When I was first diagnosed with a disability and realized I could no longer walk, it hit me like a ton of bricks. I was diagnosed with an auto immune disease that attacks your muscles. I lost 50 percent of my muscles in my legs and arms. For what seemed like an eternity was only about 30 days of me going to and from the doctors to really understand the severity of my disease and how my life would forever change with this disability diagnosis.
Adjusting to a New Normal After a Disability Diagnosis
When you are dealing with a life changing situation, people aren’t sure how to approach you. They don’t know if they should be sympathetic, pretend everything is normal, or check on you every five minutes because they are not sure how to reac. After about 6 month of rehab, my doctor’s office asked me to come to a women’s support meeting to speak to ladies that were new to having mobility challenges for various reasons. Once I understood my disease, I made a personal choice to talk to others who needed a friend, mentor, or a shoulder to cry on.
Becoming a Mentor to Other Disabled Women
The first time I spoke at the women’s meeting, I told them that all their emotions were completely valid. I explained to them there are times when you will feel sad, angry, and even optimistic about your future. That all comes with time. My primary focus to meeting with them was to show them there is life after being disabled, and everyone must find their new “norm.” We all had to learn what we could do and what our limitations are. More importantly, we learned when it was okay to ask for help. I meet with the ladies from my doctor’s office once a month via Zoom. I share with them how critical my Edge® 3 power wheelchair with iLevel® was for me in my recovery to getting back out in the world again. I talked to them about different devices used to make life a little easier when you have lost your mobility or just have mobility challenges. Meeting with these ladies showed me that I need to be a beacon of light for those who thought their future was so dim after becoming disabled.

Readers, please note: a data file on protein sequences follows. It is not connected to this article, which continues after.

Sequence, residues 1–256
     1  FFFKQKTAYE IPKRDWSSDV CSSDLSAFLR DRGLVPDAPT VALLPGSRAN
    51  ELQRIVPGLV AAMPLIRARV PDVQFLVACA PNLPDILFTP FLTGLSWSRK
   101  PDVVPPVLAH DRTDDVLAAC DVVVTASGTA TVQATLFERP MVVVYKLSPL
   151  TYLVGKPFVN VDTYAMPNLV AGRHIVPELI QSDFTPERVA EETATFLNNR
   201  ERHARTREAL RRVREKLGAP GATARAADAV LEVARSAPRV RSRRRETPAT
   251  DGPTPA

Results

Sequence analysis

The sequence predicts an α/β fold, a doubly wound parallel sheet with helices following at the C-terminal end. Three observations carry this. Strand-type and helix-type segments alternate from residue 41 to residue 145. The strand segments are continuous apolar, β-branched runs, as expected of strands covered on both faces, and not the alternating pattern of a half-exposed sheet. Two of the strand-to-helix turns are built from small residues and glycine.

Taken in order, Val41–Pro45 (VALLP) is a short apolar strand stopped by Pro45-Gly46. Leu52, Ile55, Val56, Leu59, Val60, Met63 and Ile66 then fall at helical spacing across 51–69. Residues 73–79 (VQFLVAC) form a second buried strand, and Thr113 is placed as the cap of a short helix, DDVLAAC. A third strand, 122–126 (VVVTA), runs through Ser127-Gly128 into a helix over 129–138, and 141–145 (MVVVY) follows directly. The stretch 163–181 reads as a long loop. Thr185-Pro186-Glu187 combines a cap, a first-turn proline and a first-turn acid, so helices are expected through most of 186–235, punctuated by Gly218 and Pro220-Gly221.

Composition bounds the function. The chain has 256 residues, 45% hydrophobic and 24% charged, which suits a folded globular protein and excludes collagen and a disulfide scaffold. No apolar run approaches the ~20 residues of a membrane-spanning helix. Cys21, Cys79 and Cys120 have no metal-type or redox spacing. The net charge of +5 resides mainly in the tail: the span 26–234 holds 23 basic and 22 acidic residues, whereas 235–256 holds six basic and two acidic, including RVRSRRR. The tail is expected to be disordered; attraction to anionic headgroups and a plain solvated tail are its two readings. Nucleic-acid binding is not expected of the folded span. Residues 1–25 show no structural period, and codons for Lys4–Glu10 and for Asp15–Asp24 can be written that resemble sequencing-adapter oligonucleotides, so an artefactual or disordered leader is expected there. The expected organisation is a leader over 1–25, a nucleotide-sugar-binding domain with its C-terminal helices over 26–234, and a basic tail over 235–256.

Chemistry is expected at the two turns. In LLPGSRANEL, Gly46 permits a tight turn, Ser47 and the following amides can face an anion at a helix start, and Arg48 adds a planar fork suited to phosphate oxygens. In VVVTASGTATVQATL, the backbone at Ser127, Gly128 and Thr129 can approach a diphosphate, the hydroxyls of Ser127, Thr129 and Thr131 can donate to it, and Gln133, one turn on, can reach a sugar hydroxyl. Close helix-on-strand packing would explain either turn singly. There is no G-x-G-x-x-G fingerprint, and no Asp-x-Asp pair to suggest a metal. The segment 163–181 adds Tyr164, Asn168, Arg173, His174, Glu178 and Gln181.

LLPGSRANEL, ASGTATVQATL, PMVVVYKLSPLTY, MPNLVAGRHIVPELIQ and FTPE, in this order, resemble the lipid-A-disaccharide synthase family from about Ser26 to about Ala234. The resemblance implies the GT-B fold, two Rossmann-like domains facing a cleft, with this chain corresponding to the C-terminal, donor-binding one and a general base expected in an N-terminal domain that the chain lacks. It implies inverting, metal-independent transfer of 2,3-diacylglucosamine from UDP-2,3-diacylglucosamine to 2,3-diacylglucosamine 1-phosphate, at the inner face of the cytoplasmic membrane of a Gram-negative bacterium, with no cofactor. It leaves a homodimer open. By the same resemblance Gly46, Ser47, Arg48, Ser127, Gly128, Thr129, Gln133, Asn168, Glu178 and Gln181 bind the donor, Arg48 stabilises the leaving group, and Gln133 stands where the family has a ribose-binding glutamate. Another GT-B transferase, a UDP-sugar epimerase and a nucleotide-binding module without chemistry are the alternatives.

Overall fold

Becoming an Example to Kids Who Have a Disability
Not long after, I volunteered at my kids’ school to show them that parents who are disabled can be just as active as non-disabled parents, it just looks a little different. Along this journey, I met a few kids who were navigating their school environment with a disability. They get excited when they see me as they have told me they want to be like me when they grow up. I didn’t understand it then, but I get it now. I realized my experiences were really about all those men, women, and children that just needed to see that there is life after becoming disabled.
About Merlisha Henderson: Merlisha uses an Edge 3 Power Wheelchair for mobility and lives in Arizona with her family. As a wife, mother and disability advocate in her community, she stays active and independent, working toward bringing equality and access to all. Click here to learn more about Merlisha.
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